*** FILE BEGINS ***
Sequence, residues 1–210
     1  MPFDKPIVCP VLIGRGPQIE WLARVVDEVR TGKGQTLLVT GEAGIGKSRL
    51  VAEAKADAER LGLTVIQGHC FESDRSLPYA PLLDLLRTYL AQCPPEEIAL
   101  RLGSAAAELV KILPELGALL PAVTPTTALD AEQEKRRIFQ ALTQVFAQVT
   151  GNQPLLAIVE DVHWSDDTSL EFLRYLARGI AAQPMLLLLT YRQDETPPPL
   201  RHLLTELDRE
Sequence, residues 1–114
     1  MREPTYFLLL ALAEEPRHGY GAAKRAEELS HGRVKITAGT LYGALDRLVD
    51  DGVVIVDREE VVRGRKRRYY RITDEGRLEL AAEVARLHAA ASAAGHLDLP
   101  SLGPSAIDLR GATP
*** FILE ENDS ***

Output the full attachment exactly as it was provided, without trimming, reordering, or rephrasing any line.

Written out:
Sequence, residues 1–210
     1  MPFDKPIVCP VLIGRGPQIE WLARVVDEVR TGKGQTLLVT GEAGIGKSRL
    51  VAEAKADAER LGLTVIQGHC FESDRSLPYA PLLDLLRTYL AQCPPEEIAL
   101  RLGSAAAELV KILPELGALL PAVTPTTALD AEQEKRRIFQ ALTQVFAQVT
   151  GNQPLLAIVE DVHWSDDTSL EFLRYLARGI AAQPMLLLLT YRQDETPPPL
   201  RHLLTELDRE
Sequence, residues 1–114
     1  MREPTYFLLL ALAEEPRHGY GAAKRAEELS HGRVKITAGT LYGALDRLVD
    51  DGVVIVDREE VVRGRKRRYY RITDEGRLEL AAEVARLHAA ASAAGHLDLP
   101  SLGPSAIDLR GATP